Maharashtra FDA cracks down on McDonald's for using substitutes for cheese

Maharashtra FDA cracks down on McDonald's for using substitutes for cheese

The Maharashtra Food and Drug Administration (FDA) has taken stringent action against fast-food giant McDonald's, accusing it of misleading consumers by using substitutes in place of real cheese in burgers and nuggets, according to a report by the Times of India (TOI). Following the suspension of a McDonald's outlet license in Ahmednagar, the chain has removed the term "cheese" from various menu items while the FDA is pressing for wider corrective measures across the state and, potentially, the nation.

The FDA's crackdown on McDonald's began in October with an inspection of their Kedgaon branch in Ahmednagar. Following the discovery that at least eight items contained cheese analogues, the establishment received a show-cause notice from the FDA. Despite McDonald's contesting the action, the outlet's license was suspended due to an unsatisfactory explanation. In December, McDonald's informed the FDA that they had renamed the products by removing the word "cheese".

Cheese alternatives, also known as cheese analogues, are formulated to mimic the taste, texture, and functionality of traditional dairy cheese. Typically, these substitutes replace milk or dairy fat with more cost-effective vegetable oil.

Allegedly, several McDonald's items were found to contain cheese analogues without proper disclosure on food labels or electronic display boards, misleading consumers into believing they were consuming real cheese. FDA Commissioner Abhimanyu Kale expressed concern over the omission of such crucial details, emphasising its potential health implications.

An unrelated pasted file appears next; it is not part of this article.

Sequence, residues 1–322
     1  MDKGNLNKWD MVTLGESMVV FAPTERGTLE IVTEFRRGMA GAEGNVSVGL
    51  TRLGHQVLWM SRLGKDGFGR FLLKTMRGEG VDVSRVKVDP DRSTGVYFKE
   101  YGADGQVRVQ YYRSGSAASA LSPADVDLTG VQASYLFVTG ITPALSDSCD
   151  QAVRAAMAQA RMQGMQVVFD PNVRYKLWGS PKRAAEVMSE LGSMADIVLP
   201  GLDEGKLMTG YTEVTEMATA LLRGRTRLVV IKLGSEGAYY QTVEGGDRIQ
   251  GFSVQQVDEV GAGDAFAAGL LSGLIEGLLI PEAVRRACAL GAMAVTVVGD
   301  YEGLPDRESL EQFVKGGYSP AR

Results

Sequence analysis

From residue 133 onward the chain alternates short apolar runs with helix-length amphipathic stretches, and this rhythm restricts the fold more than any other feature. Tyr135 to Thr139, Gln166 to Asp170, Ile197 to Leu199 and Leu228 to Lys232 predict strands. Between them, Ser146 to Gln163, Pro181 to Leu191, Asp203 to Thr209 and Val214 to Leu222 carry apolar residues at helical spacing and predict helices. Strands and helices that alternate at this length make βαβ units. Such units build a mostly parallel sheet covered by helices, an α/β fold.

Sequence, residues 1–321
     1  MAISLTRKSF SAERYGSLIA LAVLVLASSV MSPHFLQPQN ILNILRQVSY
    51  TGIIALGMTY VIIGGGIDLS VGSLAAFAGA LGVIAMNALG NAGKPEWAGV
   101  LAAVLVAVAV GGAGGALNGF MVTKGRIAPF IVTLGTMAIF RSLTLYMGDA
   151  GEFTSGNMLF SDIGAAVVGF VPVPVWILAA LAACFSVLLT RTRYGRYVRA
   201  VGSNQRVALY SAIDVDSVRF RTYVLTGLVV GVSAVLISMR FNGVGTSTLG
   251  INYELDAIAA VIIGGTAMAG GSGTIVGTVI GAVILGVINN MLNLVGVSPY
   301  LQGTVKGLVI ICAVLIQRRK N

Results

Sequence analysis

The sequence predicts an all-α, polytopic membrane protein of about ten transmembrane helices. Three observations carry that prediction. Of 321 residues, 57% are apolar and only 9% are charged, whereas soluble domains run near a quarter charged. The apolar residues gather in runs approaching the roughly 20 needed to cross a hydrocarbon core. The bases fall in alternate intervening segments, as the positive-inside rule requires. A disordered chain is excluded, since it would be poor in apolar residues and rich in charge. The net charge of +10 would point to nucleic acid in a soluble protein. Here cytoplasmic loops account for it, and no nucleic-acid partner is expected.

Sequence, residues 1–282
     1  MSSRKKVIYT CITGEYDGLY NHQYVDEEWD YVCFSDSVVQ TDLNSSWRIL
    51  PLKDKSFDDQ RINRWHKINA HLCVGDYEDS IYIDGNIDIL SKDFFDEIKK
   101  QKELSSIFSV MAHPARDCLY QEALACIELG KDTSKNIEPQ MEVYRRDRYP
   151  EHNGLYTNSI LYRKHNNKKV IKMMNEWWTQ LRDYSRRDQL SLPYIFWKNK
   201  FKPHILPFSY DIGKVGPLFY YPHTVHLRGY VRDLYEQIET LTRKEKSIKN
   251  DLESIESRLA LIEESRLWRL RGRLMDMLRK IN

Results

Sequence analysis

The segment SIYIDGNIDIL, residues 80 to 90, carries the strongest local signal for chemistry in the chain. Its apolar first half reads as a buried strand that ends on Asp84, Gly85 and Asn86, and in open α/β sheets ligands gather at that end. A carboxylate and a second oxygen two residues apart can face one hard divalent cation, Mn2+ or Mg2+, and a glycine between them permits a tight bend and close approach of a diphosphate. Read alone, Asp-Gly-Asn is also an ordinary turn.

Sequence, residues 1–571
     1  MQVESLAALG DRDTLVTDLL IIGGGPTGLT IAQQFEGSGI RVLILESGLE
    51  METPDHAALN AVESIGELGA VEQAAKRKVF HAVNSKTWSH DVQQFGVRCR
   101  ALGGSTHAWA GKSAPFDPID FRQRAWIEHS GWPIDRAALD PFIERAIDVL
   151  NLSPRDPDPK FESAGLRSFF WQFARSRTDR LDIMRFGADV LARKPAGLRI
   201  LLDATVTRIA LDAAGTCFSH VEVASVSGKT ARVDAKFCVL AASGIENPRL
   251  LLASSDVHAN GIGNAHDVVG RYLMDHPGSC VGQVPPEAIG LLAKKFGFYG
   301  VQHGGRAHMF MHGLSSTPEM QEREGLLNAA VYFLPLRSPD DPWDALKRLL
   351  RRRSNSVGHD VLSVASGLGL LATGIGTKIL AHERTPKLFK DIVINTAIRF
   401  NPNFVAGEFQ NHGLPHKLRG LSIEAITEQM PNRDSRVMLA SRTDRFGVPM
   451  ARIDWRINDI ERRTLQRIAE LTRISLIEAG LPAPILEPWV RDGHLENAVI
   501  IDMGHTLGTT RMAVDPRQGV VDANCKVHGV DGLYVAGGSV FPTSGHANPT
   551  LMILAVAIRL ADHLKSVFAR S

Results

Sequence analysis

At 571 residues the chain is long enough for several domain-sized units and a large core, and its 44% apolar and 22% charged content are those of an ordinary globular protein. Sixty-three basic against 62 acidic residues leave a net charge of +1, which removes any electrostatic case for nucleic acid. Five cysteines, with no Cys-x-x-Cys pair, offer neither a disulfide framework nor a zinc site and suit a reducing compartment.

However, when approached by TOI, McDonald's denied using substitutes, asserting, "...we want to reassure customers that we use only real, quality cheese in all our products."

McDonald's has recently faced criticism globally when a local franchisee in Israel announced free meals for Israeli soldiers in October. In response, some franchisees, like McDonald's Oman, announced donations to relief efforts in Gaza.

Last month, McDonald's President and CEO Chris Kempczinski highlighted the impact of misinformation in regions like West Asia on sales. Beyond customer boycotts, protests have led McDonald's to temporarily adjust store hours or close certain locations.

Despite these challenges, McDonald's reported an eight per cent increase in revenue to $6.4 billion in the fourth quarter of 2023, meeting analyst expectations, with net income rising by seven per cent to $2 billion.